Restricted Areas brings together the results from a nine year project looking at some of the key military bases in Eastern Germany that lie abandoned following the fall of the Iron Curtain and withdrawal of the Soviet Armed forces. For the first time, this publication includes colour images and film stills by Angus Boulton alongside comprehensive textual analysis by Simon Faulkner, John Schofield and Angela Weight. The photographs survey the varied structural and material remains representative of this legacy. The films interrogate various aspects of recent history and the Cold War, researching the visual culture of such sites and inhabiting the growing field that exists between strict documentary work and artist film and video.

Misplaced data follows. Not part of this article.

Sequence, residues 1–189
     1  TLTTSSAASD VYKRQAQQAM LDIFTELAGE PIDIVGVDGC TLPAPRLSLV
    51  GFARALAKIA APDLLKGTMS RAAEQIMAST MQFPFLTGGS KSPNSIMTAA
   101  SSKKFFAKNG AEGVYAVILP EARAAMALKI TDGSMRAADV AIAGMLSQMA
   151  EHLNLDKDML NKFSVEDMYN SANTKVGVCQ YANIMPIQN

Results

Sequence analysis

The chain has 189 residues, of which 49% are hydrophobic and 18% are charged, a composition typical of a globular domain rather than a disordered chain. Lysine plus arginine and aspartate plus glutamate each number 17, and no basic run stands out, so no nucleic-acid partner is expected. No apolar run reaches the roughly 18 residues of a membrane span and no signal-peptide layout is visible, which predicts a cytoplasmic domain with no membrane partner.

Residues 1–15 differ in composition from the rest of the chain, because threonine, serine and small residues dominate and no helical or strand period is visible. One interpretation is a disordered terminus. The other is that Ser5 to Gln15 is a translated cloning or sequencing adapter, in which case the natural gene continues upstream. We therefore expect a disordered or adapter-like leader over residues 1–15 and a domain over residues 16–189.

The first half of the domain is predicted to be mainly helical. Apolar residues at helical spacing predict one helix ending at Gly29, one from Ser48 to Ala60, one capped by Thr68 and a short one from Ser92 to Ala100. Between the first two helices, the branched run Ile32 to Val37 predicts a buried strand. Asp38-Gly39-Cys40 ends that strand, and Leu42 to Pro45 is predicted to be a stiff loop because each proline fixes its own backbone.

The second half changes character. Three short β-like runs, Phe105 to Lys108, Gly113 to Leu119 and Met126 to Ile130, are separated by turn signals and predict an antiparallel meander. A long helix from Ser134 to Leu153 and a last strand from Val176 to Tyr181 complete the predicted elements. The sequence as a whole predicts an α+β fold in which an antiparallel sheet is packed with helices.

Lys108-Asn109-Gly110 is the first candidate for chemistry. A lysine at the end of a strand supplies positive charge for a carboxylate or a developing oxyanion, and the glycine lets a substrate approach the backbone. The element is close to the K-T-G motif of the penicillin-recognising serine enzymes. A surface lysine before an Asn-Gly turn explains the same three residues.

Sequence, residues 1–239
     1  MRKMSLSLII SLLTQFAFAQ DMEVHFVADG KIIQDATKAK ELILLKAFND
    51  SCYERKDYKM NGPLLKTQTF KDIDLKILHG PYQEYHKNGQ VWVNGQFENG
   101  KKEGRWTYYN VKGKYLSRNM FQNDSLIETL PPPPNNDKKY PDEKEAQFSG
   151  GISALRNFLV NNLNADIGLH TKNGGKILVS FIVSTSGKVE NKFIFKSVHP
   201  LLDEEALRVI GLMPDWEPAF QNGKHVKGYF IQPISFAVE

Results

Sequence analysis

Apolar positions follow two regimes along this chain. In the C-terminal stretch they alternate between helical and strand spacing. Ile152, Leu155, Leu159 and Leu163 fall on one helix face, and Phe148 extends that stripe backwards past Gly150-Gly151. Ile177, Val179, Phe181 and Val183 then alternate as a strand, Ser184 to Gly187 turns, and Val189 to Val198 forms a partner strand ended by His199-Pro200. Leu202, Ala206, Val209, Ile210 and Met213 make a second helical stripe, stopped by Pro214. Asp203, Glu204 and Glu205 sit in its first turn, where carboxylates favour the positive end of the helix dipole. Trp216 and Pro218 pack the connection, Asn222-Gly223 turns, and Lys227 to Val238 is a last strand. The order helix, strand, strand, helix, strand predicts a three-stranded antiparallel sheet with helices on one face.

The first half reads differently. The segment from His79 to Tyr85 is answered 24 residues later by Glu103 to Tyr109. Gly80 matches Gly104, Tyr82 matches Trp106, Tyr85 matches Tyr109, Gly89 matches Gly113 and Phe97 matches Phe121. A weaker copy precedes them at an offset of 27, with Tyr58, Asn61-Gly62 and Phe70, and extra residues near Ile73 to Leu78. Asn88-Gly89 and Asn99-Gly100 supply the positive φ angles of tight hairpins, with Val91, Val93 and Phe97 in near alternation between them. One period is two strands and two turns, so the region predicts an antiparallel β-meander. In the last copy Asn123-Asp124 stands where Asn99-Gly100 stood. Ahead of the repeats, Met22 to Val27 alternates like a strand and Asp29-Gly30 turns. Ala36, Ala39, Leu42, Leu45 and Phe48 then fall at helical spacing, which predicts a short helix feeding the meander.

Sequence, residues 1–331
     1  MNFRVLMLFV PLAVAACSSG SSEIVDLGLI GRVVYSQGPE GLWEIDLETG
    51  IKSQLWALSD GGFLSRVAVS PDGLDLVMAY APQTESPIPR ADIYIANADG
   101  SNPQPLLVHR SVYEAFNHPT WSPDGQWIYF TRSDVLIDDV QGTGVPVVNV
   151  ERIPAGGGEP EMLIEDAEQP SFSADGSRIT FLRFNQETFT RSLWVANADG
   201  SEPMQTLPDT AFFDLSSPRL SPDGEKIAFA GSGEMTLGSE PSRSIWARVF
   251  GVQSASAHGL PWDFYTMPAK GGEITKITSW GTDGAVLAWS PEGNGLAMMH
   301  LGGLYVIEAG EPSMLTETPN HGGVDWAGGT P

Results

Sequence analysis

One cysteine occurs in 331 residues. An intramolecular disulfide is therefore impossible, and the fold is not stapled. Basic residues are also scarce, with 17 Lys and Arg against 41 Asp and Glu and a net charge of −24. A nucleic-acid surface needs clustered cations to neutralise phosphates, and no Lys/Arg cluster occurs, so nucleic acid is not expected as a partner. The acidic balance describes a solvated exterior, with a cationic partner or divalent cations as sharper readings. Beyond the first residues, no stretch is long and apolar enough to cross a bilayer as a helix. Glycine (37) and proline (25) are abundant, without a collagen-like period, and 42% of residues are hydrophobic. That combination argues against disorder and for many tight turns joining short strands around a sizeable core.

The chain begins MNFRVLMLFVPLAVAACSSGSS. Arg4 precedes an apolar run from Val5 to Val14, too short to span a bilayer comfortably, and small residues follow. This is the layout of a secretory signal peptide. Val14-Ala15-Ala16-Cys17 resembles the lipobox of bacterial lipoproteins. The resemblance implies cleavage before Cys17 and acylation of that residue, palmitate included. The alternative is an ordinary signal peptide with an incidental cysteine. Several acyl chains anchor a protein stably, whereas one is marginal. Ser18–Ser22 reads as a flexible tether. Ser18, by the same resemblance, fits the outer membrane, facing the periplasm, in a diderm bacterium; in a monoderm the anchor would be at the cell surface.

Fashion is a high-impact, fast-paced industry that demands an aspirational visual message which requires constant reinvention. Graphic design for fashion must represent the core values of the brand while pushing boundaries and expectations. Often seen as a showcase for a design studios most inventive work, the seasonal nature of the end product provides a limitless testing ground for new ideas and innovative production solutions. This visually-led book contains a global selection of the best graphic design studios work for the fashion industry from packaging and lookbooks to swing tags and invitations with exclusive insights from both clients and designers. The book features not simply the visual identities of big budgets and luxury brands, but showcases the creative processes of the worlds leading design studios. With each of the four chapters printed on a different paper stock, the book itself reflects the exciting graphic developments in the field of fashion. The result is a visually diverse collection of graphic design, which is a rich source of inspiration for new and groundbreaking production techniques and a perfect reference point for those across the creative industries. Table of Contents: 1. BRANDING Acne Art Department (SE) for Acne Studios (SE) Anothercompany (NL) for Tenue de Nimes (NL) Buero NY (US) for Kai Kahune (US) Jiminie Ha (US) for Gar-De (US) Mevis & van Deursen (NL) for Viktor & Rolf (NL) MORE (CN) for ZucZug (CN) Ohlsonsmith (SE) for Van Deurs (SE) Sanderson Bob (UK) for Yutaka Tajima (UK) Stiletto (US) for threeASFOUR (US) 2. INVITATIONS Aboud Creative (UK) for Paul Smith (UK) Antoine+Manuel (FR) for Christian Lacroix (FR) Egelnick & Webb (UK) for House of Holland (UK) Hansje van Halem (NL) for Orson+Bodil (NL) John Morgan (UK) for Sinha-Stanic (UK) Karen van de Kraats (NL) for Antoine Peters (NL) Multistorey (UK) for Staerk (US) Paul Boudens (BE) for Yohji Yamamoto (JP) Paolo Bazzani (IT) for Kenzo (FR) Roanne Adams (US) for Bodkin (US) Sean Carmody (US) for Rachel Comey (US) Studio Newwork (US) for Robert Geller (US) Studio Small (UK) for Margaret Howell (UK) StudioThomson (UK) for Preen (UK) ThorbjA rn Ankerstjerne (UK) for Blaak (UK) 3. LOOKBOOKS Bluemark (JP) for Sally Scott (JP) Design Bolagent (DK) for Won Hundred (DK) Freudenthal Verhagen (NL) for Bernhard Willhelm (NL) HarrimanSteel (UK) for Eley Kishimoto (UK) Johan Hjerpe (SE) for Dianne Orving (SE) Julia Born (NL) for JOFF (NL) Manuel Raeder (DE) for BLESS (DE) Plug-in Graphic (JP) for Arts+Science (JP) Rosebud Inc (AT) for Ute Ploier (AT) Sagmeister (US) for Anni Kuan (US) Susan Barber (US) for Opening Ceremony (US) Takeshi Hamada (JP) for Adam et Rope (JP) William Hall (UK) for Mother of Pearl (UK) 4. PACKAGING Artless (JP) for Issey Miyake (JP) Homework (DK) for Fleur Tang (DK) Marque Creative (US) for Victor Alfaro (US) ThorbjA rn Ankerstjerne (UK) for Qasimi (UK)